I think we need that. My thinking of our need, of course, adds nothing and subtracts nothing. Yet I insist on it, our need. I long with all my cranky, double-dealing heart to belong to a reality that all my life long presses on me. The reality of Jesus, his life and death and comeback. Events that, far from shaking the world, bring it a far greater gift—rebirth.

I need to know that Jesus lived and died and the manner of his living and dying. Call it medicinal; call it antidote. I need an antidote to America. I need to live and die in a manner different from the way I am commanded to live and die in a tin-can culture, a culture which manages by a marvelous sleight of hand to be at the same time lethal, ridiculous, and immensely seductive.

Now the above, as I scan it, suffers from a defect. It is written in the past tense. But Jesus has no past tense. Who says he lived; who says he died; who says he rose from the dead? The 15 mysteries are a drama of the present, big as life, unfinished as today, untidy even.

But the neutron bomb, and all its malevolent ancestors and progeny, is pure past, passé. Bypassed. Not merely in the sense that the monkey wrenches will shortly concoct another even more lethal tin can to flatten this one. But from the point of view of existence itself, bombs are passé. Violence is passé. War is passé. If we discern the Mystery (Paul puts it always in the singular), we know this. Wars, bombs, slums are the junk of that junk culture which has simply withered away to allow us to get reborn.

Do we choose to get reborn? Or do we choose to wither away? According to the mystery of the rosary, we choose neither the one nor the other.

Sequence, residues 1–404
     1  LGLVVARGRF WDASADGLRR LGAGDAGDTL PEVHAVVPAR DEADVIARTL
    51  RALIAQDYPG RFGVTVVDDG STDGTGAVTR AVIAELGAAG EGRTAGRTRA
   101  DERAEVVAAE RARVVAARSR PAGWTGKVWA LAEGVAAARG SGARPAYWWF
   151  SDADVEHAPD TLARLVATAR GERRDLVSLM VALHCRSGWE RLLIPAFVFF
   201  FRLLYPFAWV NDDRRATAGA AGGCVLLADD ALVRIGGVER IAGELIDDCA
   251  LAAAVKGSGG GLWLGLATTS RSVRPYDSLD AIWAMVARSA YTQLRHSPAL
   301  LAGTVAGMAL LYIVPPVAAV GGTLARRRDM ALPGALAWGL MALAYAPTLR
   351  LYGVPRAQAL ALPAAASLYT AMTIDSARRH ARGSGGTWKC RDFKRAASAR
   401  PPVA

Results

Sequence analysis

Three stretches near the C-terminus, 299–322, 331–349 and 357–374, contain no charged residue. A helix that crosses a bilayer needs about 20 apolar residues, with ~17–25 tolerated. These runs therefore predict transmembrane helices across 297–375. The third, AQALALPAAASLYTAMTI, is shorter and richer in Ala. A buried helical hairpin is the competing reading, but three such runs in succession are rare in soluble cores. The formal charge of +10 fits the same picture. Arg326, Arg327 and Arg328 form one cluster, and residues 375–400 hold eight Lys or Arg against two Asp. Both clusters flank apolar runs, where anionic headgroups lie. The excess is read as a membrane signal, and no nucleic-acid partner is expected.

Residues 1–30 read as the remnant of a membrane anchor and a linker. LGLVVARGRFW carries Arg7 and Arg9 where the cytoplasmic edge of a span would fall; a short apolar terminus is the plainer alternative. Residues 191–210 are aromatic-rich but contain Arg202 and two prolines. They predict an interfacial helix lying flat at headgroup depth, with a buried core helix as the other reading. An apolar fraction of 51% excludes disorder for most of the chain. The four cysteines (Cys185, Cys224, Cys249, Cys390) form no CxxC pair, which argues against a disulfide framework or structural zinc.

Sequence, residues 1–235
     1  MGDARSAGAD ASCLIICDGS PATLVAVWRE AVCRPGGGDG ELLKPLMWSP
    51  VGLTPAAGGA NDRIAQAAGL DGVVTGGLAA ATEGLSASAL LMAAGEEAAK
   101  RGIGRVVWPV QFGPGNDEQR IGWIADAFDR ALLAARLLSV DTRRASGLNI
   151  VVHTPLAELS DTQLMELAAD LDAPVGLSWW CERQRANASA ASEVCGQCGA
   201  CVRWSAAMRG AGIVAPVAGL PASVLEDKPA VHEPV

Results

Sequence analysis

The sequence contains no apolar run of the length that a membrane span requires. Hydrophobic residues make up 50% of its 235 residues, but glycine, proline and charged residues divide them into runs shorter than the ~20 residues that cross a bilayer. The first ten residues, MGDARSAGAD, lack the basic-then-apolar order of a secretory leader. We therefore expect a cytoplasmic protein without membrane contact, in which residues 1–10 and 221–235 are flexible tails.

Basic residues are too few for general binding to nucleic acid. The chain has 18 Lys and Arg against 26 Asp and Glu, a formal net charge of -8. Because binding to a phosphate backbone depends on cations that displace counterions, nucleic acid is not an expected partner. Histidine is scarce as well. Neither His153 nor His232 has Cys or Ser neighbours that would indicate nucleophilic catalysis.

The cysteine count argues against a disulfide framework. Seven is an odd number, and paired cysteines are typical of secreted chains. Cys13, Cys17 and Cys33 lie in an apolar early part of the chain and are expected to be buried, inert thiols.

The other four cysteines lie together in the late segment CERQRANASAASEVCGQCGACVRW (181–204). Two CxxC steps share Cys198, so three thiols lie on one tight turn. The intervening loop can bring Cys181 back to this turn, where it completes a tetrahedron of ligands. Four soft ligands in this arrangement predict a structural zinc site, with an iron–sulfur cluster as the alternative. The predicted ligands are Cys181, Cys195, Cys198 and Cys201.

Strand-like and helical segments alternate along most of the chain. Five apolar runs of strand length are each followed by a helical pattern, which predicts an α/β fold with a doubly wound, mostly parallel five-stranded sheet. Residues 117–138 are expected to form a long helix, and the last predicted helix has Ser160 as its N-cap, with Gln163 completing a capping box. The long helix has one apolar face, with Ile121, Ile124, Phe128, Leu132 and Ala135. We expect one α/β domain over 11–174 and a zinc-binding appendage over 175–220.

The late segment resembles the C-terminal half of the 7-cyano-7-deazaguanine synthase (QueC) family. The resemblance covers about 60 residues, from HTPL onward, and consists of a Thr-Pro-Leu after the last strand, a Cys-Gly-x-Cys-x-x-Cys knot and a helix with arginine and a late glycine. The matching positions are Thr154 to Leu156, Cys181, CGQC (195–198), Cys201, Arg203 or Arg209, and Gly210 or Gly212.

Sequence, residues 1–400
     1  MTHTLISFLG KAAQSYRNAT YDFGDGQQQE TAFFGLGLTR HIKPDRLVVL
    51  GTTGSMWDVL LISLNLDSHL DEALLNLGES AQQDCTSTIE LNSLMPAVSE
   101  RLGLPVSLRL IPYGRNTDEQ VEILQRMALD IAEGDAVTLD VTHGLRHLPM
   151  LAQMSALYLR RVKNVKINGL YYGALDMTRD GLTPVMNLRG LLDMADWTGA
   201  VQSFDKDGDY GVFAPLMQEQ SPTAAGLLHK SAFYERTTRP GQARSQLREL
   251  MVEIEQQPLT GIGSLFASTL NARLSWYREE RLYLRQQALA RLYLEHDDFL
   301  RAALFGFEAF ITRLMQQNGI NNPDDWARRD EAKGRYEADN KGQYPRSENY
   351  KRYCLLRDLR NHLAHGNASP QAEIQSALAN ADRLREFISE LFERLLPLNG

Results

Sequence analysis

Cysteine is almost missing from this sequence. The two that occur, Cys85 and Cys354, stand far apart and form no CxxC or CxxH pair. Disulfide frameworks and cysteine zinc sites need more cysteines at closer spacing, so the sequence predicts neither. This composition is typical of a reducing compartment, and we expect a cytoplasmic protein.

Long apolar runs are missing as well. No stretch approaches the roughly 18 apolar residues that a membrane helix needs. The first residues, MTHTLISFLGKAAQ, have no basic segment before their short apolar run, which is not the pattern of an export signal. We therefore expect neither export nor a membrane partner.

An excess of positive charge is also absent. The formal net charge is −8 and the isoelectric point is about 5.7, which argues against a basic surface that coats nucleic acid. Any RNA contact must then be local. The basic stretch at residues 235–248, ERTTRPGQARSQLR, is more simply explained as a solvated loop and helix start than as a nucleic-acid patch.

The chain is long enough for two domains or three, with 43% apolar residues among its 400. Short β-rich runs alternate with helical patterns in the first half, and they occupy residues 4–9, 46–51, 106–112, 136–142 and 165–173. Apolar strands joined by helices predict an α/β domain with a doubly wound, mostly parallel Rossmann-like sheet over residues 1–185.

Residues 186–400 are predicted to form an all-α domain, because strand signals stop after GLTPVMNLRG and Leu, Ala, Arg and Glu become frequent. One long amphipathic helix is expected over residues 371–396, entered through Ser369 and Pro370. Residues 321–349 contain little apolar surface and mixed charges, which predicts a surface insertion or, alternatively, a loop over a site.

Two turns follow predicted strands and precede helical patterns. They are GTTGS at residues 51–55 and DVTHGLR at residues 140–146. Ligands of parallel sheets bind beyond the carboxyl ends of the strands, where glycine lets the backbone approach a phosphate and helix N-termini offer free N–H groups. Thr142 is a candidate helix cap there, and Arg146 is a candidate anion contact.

We can only choose to be chosen. That is all. Jesus chooses; the initiative is his. But that is already a great deal. So great a deal, in truth, that we shall spend our eternity dizzily, ecstatically trying to grasp it.

But to speak of the present, one thing seems fairly clear. (And given the American church, what follows is bound to be a minority, even a miniscule, opinion.) We cannot at one and the same time choose America and be chosen by Christ. We cannot serve God and mammon. “Mammon” here being a catchall word for that ball of snarls, that concatenation of money, sexism, racism, consumerism, appetite and futility and nausea, that fork in the tongue of authority, that tic of violence, that dread of neighbor, that night sweat at the presence of death—let us say, those 15 or so infernal “mysteries” to whose worship the culture summons us. To adore. To be depraved and deprived and degraded and disenfranchised. And then, to be transformed. In the image of that which we adore: stocks and stones and neutron bombs.

And finally, the whole thing explodes. As it was meant to do. That is to say, the ruling image and reality of our lives becomes a nuclear one. We cannot get things together, keep them together. Neither marriage nor friendship nor a reasonably sane sense of ourselves nor a modest place in the world. We are bombed out by the demons. All of which perhaps brings us back to our subject, to that non-nuclear, companionable, compassionate found object.

I don’t want to come on as a pusher for the rosary. We have too many pushers already—for almost every gimmick under the sun. Who needs gimmicks? We need only to be still, to resign from rat races where a few win and many lose and all, according to the metaphor, are reduced to rodents. We need our humanity, that lost object. Can the rosary help us? Will we one day cry aloud in exaltation like the woman Jesus tells of who found her lost coin? We, having found our precious, lost, squandered sense of ourselves? There is not one mystery of the 15 (now 20) that is not also a clue to who we are, to where we come from, to where we might go. In a night without stars.”

I, for one, NEED the Rosary. When praying it, I soar, I fly. (Not physically.) 🙂 No joke. I do. Praise God!!!  Come, fly with me!!!

Love,
Matthew